ive really been trying to find ways to flip an income would you recommend to just start day tradeing cause thats what i was considering before i found this lender club website
I would avoid day trading like the plague! Most day traders don’t know what they are doing and have similar odds to Vegas, where you are certain to lose if you play long enough. Here is a guide I wrote about the stock market that you may find useful: https://personalprofitability.com/stock-market/. But I don’t think the stock market sounds like the right place for you to focus on increased income right now. I would look at a side hustle.
Side hustles helped me double my income and then some compared to my old day job. Here are some ideas to get you started: https://personalprofitability.com/side-hustle/
It’s extremely misleading to say you’ve made an 11.6% return when you’ve only invested $800 (that’s around $8 a month, folks). With such a small amount of principle, a default or two could have just as much of a skewing impact… you’re only 3 defaults away from losing all your return, and only 1 default away from a typical 5-7% return. A realistic return with P2P stands right around 5% if you’re investing more than $50k. Hand-picking can help, usually around a 0.75% boost if you’re really good at it (keep in mind every note even offered on the platform was already “hand picked” by their increasingly strict algorithm). Of course, being selective makes it a lot more difficult to invest more than a couple thousand dollars. So the question is: do I want to make a high dollar of returns ($2,500 at 5%), or bragging rights to a high percentage return ($90 at 11%)? When investing a “normal” amount ($10 to $20k), a reasonable return sways from 3%-9% based off the whims of your borrowers — of course, it’s always possible for it to be negative, too, but diversification makes an overall negative return very rare.
Keep in mind this is during a period of record low unemployment (2018), when these P2P loans are supposed to be performing their best. Nobody knows what’ll happen during the next recession, but I strongly feel LendingClub should start popping their rates up to provide more than a 3-5% margin, especially on their 5 year notes. They are actually issuing notes at 4% right now for the most qualified borrowers… even in a best performance scenario, that ridiculously low rate might be at or even below the rate of inflation before the note matures… it’s “free money” for the borrowers! One can invest in guaranteed US treasuries at only marginally lower rates, or fairly safe (and far safer than P2P) corporate debt at marginally higher rates. Corporations pay their bonds much more reliably than Sue the waitress/housewife (who ironically may lose her job at the whim of AppleBees just so they can make their corporate bond payment to that other investor). So where’s the reward for the fairly high risk LendingClub investors are being asked to take? Is the supply of borrowers really that tight? The company still seems focused on increasing originations at a breakneck pace with fire sale rates, which is becoming reckless on the backs of investors (lets not forget LC makes its money off the volume of cash lent/paid, not off interest rates). People are refinancing their 19% credit card debt at 4-10% plus getting the convenience of only one monthly payment (and very loosely enforced late fees). They will pay more – give it a try, LendingClub! Your platform investors (that you paid lots of bonuses and perks to obtain back in ’09/’10) are about to dry up and not look back… irreversibly hurting your origination volume.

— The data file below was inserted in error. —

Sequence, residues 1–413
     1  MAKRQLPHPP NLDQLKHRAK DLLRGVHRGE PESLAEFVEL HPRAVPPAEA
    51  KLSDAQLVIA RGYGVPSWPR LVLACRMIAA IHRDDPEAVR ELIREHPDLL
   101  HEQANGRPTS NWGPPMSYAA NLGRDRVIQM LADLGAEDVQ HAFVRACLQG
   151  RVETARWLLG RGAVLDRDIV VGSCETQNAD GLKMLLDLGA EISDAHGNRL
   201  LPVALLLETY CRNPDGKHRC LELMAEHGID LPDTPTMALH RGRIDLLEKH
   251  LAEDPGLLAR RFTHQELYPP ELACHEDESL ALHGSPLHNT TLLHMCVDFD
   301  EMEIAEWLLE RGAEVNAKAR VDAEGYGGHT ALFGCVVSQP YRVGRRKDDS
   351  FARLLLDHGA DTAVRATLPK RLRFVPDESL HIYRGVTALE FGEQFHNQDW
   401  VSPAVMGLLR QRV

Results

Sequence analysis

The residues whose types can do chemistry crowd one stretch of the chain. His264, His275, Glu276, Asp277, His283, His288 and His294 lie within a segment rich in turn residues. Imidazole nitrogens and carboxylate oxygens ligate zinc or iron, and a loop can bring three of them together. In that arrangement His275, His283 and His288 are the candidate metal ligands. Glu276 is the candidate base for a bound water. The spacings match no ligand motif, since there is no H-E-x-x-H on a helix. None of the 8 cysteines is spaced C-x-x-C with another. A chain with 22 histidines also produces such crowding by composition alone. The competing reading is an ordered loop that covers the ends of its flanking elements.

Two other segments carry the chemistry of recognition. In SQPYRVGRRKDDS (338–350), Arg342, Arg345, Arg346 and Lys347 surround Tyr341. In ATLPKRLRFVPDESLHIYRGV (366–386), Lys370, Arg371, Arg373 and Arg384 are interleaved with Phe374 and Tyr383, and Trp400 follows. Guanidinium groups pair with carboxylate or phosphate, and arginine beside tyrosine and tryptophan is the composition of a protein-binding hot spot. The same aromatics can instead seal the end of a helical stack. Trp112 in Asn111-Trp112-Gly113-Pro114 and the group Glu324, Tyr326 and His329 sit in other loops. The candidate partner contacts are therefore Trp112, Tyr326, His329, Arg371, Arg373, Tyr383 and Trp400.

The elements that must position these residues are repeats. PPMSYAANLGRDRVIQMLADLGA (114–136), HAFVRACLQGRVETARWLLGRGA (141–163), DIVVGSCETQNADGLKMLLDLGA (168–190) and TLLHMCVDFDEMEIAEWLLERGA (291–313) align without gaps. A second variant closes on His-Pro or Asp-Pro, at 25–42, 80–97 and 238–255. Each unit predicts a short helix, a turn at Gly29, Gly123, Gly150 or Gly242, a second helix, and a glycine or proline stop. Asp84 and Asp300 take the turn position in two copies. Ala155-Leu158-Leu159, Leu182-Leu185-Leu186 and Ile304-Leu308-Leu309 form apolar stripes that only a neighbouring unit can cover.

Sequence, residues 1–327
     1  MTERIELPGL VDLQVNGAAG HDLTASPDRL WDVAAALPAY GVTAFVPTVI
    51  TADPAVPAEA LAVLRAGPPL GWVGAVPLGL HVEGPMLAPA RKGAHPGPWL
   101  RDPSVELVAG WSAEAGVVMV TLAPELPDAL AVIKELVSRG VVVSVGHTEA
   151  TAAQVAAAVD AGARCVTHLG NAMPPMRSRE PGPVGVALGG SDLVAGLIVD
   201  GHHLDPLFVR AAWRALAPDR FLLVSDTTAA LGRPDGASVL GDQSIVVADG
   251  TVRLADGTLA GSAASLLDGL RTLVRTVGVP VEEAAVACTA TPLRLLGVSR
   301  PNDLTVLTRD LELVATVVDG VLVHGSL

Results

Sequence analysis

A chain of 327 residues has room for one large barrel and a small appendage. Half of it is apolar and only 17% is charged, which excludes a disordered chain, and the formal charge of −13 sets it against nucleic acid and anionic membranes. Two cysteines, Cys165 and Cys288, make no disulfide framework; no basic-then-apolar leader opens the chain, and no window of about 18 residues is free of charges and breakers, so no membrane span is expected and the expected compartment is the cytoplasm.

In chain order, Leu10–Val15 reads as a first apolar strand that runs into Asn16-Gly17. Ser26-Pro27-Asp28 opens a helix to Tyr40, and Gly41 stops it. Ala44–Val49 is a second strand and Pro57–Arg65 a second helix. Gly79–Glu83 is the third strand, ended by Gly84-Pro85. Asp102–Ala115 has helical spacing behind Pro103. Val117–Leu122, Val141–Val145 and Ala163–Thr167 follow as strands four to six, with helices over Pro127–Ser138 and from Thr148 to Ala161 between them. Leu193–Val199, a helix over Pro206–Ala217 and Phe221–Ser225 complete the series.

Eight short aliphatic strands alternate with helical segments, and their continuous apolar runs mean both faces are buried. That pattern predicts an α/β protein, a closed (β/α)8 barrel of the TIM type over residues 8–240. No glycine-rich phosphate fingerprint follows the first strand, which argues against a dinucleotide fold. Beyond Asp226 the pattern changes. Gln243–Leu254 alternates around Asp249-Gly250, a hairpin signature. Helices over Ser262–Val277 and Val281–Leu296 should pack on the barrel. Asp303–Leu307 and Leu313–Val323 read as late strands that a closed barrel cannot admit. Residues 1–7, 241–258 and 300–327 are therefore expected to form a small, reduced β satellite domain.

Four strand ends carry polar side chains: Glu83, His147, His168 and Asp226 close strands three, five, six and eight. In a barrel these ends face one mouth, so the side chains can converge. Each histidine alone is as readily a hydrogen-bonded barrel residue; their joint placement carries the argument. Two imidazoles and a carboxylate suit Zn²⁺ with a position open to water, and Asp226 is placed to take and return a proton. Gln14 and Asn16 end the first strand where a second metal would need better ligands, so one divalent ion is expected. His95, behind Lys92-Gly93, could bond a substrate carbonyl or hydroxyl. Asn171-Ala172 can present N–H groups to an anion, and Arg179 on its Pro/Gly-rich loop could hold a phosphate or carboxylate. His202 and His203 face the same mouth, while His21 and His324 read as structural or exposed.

Anyhow, best of luck to all who invest, regardless of the amount! Hopefully my comments can help add to this article’s balance.
I strongly disagree that it is misleading to share my actual results, though this article is a bit dated now and my returns have gone down quite a bit from that rate. Thanks for adding these thoughtful and detailed insights. These are excellent points and considerations before investing.
What are your returns now? I have been investing with almost 30k over the last year and am around 6% interest, but had a bunch of defaults in the beginning as I figured out how to screen and vet people a bit more. Try to make an automated screener with all filters Eric is talking about and you will not find many loans to invest in.
I’ve drawn down my account quite a bit, only a couple hundred bucks left in there. Because I’ve stopped reinvesting and have only been holding (including some losers), my rate has trended down. Now it’s around 6.8%. I noticed the same thing with the filters. Fewer and fewer high quality loans like I wanted!